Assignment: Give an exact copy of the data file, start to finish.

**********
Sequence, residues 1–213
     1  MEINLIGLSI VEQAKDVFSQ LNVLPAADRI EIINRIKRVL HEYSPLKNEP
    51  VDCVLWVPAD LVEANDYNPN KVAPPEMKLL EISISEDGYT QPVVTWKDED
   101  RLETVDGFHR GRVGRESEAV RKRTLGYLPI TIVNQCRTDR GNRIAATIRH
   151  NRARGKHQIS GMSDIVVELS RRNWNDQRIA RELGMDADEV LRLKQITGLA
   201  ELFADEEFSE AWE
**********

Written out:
Sequence, residues 1–213
     1  MEINLIGLSI VEQAKDVFSQ LNVLPAADRI EIINRIKRVL HEYSPLKNEP
    51  VDCVLWVPAD LVEANDYNPN KVAPPEMKLL EISISEDGYT QPVVTWKDED
   101  RLETVDGFHR GRVGRESEAV RKRTLGYLPI TIVNQCRTDR GNRIAATIRH
   151  NRARGKHQIS GMSDIVVELS RRNWNDQRIA RELGMDADEV LRLKQITGLA
   201  ELFADEEFSE AWE